When these three people came walking by, you can see the first man and woman's profile quite distinctly. As I look at their faces, I can almost read emotions. My imagination can add a storyline quite easily. Can yours?
Here, there was not as much separation but I think there is enough to see that it is two men and a lady.
This image shows a lone man walking toward the restaurant. It's a pretty good profile plus I like how his hand can be seen against the brighter sunset reflecting in the water.
The light was getting real low and these two men walked by obviously not together. You can see that it was getting harder to freeze at this point. I was at a 50th of a second and they were walking fast. I knew at this point I was almost done.
HOW I PHOTOGRAPH SILHOUETTESBut then I looked to my left and saw this man just standing still, looking out at the setting sun and boats, with a drink in his hand. I felt his emotions as I looked at him. It was a serene scene of a man at peace with the night. At least that is what I saw. What you see and what is the truth might all be different. That's the fun part of candids and silhouettes. 

This was taken at a 20th of a second. But he wasn't moving, so I could capture a sharp image as long as I held camera shake to a minimum. I knew that at this low setting, the blue sky would become saturated and I was hoping to pick up some of the lights on the boats. I think it worked out pretty well. I was really happy with this one.As we were getting ready to leave, I saw two and then three ladies to my right. It's a little more cluttered then I would have liked but I saw a storyline happening.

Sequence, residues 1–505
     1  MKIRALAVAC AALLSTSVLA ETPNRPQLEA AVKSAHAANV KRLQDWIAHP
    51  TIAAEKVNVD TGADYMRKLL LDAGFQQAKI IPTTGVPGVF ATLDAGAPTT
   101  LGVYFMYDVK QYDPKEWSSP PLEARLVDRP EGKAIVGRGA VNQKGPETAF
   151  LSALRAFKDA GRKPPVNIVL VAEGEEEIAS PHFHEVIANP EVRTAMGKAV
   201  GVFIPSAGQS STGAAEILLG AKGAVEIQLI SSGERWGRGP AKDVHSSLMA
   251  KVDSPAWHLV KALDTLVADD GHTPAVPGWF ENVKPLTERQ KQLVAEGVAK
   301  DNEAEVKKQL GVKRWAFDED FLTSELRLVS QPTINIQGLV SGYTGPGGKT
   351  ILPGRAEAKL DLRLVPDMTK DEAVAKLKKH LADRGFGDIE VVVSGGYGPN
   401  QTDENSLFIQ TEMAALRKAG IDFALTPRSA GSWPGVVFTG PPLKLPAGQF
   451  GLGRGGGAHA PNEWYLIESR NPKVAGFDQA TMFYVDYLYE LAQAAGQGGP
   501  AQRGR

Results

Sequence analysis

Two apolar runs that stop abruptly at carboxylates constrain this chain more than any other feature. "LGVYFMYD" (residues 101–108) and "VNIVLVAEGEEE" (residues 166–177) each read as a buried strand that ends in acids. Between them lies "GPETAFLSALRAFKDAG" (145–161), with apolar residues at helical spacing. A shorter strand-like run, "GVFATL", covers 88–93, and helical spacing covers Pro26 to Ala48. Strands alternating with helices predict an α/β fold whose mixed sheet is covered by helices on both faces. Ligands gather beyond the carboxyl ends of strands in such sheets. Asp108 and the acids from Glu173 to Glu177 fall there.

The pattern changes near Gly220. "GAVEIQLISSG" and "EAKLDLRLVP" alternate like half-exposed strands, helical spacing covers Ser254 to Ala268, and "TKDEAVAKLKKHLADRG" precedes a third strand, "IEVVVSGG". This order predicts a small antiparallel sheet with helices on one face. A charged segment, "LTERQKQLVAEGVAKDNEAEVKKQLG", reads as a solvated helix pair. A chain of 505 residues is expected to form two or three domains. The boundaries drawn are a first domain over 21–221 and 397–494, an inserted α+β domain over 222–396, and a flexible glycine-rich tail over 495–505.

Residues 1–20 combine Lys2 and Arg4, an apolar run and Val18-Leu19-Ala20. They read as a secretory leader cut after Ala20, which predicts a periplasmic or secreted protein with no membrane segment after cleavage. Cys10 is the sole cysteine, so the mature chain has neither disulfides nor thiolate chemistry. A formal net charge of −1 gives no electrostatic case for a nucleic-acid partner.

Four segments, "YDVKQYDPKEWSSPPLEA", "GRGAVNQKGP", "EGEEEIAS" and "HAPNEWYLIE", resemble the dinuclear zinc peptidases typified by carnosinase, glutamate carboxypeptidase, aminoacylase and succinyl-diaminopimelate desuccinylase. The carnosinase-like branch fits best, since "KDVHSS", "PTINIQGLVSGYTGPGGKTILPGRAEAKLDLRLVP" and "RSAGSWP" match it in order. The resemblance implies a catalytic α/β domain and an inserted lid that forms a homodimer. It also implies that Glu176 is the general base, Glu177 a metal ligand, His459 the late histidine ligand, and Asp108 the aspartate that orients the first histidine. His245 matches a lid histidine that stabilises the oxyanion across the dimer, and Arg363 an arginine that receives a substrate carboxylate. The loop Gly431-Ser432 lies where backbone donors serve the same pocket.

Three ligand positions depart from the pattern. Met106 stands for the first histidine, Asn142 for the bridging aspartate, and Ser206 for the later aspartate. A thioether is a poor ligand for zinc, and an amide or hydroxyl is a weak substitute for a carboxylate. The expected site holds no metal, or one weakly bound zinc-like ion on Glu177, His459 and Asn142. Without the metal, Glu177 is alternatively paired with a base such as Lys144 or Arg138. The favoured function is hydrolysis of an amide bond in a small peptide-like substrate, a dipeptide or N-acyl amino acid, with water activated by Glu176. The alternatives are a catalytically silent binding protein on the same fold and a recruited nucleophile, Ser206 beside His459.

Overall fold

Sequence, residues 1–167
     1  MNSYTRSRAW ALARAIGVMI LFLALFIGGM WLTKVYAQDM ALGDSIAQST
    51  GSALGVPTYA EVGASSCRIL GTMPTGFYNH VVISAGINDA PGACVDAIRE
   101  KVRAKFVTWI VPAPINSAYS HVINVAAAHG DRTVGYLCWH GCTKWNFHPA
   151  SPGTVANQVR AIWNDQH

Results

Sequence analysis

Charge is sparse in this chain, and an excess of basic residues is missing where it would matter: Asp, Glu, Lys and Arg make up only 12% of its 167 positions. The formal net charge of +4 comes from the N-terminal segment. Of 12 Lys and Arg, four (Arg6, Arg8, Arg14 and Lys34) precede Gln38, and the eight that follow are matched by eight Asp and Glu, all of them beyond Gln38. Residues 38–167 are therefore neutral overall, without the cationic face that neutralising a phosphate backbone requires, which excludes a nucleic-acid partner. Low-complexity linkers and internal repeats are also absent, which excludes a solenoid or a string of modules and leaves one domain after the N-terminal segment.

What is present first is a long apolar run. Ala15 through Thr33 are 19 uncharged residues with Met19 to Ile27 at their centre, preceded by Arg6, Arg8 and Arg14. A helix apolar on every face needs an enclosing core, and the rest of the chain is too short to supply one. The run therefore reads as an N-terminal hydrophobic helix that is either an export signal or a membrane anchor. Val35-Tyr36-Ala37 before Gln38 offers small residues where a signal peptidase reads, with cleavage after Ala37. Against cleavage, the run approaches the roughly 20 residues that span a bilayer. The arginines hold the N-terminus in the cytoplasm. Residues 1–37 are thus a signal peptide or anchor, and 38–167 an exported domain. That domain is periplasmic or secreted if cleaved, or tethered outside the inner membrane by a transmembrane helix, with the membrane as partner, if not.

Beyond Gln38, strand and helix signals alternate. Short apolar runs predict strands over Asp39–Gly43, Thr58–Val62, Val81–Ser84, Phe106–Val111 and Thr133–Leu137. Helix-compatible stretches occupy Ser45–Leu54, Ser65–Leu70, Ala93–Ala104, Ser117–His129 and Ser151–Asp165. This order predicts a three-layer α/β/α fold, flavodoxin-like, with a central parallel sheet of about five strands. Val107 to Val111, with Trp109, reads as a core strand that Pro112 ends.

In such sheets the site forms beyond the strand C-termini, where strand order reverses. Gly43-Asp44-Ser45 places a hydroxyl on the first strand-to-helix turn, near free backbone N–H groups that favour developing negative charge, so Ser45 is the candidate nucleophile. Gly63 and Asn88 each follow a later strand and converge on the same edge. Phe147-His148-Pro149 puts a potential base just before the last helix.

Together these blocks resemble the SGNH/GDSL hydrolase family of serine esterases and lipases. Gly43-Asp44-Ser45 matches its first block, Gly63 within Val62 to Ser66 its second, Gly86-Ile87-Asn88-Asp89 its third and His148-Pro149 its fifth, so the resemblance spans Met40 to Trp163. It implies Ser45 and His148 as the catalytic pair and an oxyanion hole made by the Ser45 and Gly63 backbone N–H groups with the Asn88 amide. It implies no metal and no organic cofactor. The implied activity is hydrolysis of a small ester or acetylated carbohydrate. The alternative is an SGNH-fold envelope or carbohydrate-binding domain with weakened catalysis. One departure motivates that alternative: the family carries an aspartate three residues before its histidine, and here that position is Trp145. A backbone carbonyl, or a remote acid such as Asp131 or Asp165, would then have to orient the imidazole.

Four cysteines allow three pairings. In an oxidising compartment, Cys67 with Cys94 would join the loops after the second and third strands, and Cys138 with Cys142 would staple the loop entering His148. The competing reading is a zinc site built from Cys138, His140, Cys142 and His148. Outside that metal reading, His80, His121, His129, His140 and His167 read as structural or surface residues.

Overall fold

First, the two ladies were speaking.

    Then a third came into view with a camera phone and took their   
   picture. You can see the light from the camera's LCD screen.
As the ladies were looking at the image, a gentlemen walked by and did what you would think a guy would do. As he walked by these three attractive ladies, he stopped and gave an appreciative glance in their direction before moving on.
At this point, we decided it was time for us to move on as well. As I was walking down the boardwalk to the parking lot, I took this one last image. It's not as sharp as I would want. I was hand holding at a 4th of a second. At that slow speed, it looks much brighter than it was. This is caused by the slower shutter speed allowing more light on the photo card.Remember, just because the sun is going down does not mean you cannot make dramatic, imaginative images. It might take a little practice but I think it can be worth it. I hope you think so, too!!!